By state law, mail-in ballots in Texas have generally been restricted for use only by individuals who are over the age of 65, absent from the county during the election, or suffering from an illness or disability. Travis County District Judge Tim Sulak issued injunctive relief last month to expand opportunities for mail-in voting, treating fear of contracting COVID-19 under the disability portion of the statute and noting in his order, “Time is of the essence.” Representing the state, the attorney general has taken the position that a healthy person’s fear of contracting the coronavirus does not constitute a disability and therefore does not entitle such person to vote by mail. Paxton also used his letter today to warn that anyone advising voters that they can apply for a ballot by mail because of a fear of contracting the virus through in-person voting may be subject to criminal penalties.
In other news, a new poll by Public Policy Polling shows Joe Biden (D) with a narrow 47% – 46% lead over Donald Trump (R) in Texas if the November presidential election were held today. The same poll shows a slim majority of Texans disapprove of the president’s job performance, with 49% expressing disapproval compared to 46% approval. Gov. Greg Abbott’s approval was higher at 58%.
Asked about their feelings regarding the coronavirus pandemic, 45% of Texans said they are “very concerned” about being around others. Another 33% said they are “somewhat concerned,” while 21% said they are either “not very concerned” or have “no concerns.”
A 53% majority of Texans said they are in favor of allowing all registered voters to vote by mail due to health safety concerns, compared to 38% who oppose the idea. Sixty-three percent of Texans said they are either “very” or “somewhat” concerned about voting during the outbreak, yet 88% answered they still plan to vote in person in the November election if voting by mail is not an option.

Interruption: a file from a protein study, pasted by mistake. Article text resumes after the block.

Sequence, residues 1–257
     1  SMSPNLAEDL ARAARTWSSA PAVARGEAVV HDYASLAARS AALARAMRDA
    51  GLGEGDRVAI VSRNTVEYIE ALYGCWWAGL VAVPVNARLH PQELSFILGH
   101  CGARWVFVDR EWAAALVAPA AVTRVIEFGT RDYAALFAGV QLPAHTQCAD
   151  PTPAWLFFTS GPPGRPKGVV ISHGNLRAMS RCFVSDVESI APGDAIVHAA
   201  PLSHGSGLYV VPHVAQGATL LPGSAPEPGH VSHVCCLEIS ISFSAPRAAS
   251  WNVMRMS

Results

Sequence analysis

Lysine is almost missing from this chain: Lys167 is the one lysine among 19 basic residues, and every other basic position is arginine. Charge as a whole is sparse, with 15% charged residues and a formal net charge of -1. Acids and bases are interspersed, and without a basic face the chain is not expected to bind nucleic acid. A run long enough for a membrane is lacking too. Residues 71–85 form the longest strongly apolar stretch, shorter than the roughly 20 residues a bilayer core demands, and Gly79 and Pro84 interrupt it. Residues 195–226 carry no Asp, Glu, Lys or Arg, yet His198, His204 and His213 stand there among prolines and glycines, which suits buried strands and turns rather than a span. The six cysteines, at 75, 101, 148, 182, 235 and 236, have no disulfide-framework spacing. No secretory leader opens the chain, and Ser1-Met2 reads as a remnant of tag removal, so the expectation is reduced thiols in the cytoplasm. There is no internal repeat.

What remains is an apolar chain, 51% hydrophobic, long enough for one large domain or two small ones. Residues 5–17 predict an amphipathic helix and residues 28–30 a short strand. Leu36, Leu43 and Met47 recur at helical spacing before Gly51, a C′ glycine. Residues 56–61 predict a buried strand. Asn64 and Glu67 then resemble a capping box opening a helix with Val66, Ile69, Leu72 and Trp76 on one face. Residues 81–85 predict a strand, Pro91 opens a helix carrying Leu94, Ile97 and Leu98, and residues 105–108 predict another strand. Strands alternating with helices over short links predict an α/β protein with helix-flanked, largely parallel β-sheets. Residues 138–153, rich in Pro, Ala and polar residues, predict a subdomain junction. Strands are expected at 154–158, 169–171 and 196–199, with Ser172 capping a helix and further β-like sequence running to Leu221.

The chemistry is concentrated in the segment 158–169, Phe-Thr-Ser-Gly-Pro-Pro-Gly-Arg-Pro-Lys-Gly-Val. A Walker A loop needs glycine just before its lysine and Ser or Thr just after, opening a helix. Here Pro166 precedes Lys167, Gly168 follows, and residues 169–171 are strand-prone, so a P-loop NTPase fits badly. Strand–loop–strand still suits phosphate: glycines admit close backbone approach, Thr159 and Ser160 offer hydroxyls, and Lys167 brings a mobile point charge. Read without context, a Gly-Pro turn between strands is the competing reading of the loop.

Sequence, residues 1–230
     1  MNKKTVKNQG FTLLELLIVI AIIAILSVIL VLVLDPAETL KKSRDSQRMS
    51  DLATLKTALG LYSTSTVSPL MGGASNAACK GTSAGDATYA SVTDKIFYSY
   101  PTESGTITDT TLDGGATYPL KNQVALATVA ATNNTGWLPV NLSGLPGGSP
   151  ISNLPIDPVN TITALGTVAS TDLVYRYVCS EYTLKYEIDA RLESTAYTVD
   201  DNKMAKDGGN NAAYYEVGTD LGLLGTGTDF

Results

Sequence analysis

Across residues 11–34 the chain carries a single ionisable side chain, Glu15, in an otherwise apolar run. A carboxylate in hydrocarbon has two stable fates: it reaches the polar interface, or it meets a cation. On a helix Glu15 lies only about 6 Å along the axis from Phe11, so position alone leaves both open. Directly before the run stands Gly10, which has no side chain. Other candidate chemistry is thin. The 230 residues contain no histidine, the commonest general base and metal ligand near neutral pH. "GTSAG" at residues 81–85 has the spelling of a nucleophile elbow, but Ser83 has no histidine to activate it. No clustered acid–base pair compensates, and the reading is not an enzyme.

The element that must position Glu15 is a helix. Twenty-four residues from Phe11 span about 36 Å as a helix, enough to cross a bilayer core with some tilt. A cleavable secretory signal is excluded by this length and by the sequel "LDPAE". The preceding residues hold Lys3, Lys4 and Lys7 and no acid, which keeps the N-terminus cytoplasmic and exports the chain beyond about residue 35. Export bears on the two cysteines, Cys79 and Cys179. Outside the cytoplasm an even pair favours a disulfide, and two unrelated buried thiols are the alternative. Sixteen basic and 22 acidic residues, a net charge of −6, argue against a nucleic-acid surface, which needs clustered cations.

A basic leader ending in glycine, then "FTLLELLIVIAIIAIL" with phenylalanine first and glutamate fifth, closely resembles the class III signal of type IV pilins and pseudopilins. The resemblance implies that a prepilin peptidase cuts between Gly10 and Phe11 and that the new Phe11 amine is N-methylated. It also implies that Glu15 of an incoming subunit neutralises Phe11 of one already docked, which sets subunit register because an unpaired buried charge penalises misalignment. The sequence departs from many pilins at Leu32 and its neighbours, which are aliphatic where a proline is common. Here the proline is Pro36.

Most local elections originally slated to take place tomorrow were postponed to November. The runoff election for the Texas primaries, which also would have occurred this month, has been rescheduled for July 14. Check out ATPE’s election resources and candidate profiles here on Teach the Vote to learn about candidates running for office in your area.
The State Board for Educator Certification (SBEC) held its first-ever virtual board meeting today, May 1, 2020. ATPE Lobbyist Andrea Chevalier testified live during the video-conferenced meeting, conveying our support for options to address unintended consequences of last year’s House Bill (HB) 3 for Master Teacher certificate holders.
ATPE Lobbyist Andrea Chevalier
HB 3 eliminated the Master Teacher certificates and barred them from being renewed, which means that without action by SBEC, some Master Teachers may not be able to keep their teaching assignments once their certificates expire. SBEC expressed agreement today with ATPE’s position.
The board also voted to approve several proposals to implement the Science of Teaching Reading requirements of HB 3 and discussed effects of the coronavirus on educators. Read a comprehensive summary of today’s SBEC meeting in this blog post today from Chevalier.
May is National Foster Care Month. Did you know there are nearly 17,000 Texas public school students and over 437,000 children and youth in foster care across the nation?
Students in foster care are subject to higher mobility, more absences from school, greater rates of trauma, and are 2.5 to 3.5 times more likely to be identified for special education services. The adverse childhood experiences that children in foster care experience can make learning difficult, which is why it is more important than ever to promote awareness this month as children are separated from some of the only constants and love they may know: their school and teachers.
To learn more about foster care in Texas, view the Texas Education Agency’s foster care student success resources here, information from Texas CASA here, and resources from the Child Welfare Information Gateway including an outreach toolkit with shareable graphics and messaging tools here.
Social distancing is kind of the antithesis of teaching, so teachers are finding creative ways to stay close to their students. From reading to students at a safe distance in the driveway, to special signs in students’ yards and art lessons on the lawn, teachers know their students need love as much as they need content. ATPE member Victoria Norris of Aubrey ISD in northeast Texas shared on social media this week that she made mini cutouts of her Bitmoji to send to students, along with a fun and sweet note. Special actions like these remind students how much their teachers care and lay the foundation for engagement and learning. Thank you, Victoria!
ATPE sends our thanks to all educators who are transitioning to meet the unique needs of students during this time! #TeachersCan
Do you have a story to tell? ATPE wants to hear how you are adapting to a new educational environment during the coronavirus pandemic. Click here to email us your stories, best practices for distance learning, or strategies you’re using to stay upbeat during the crisis.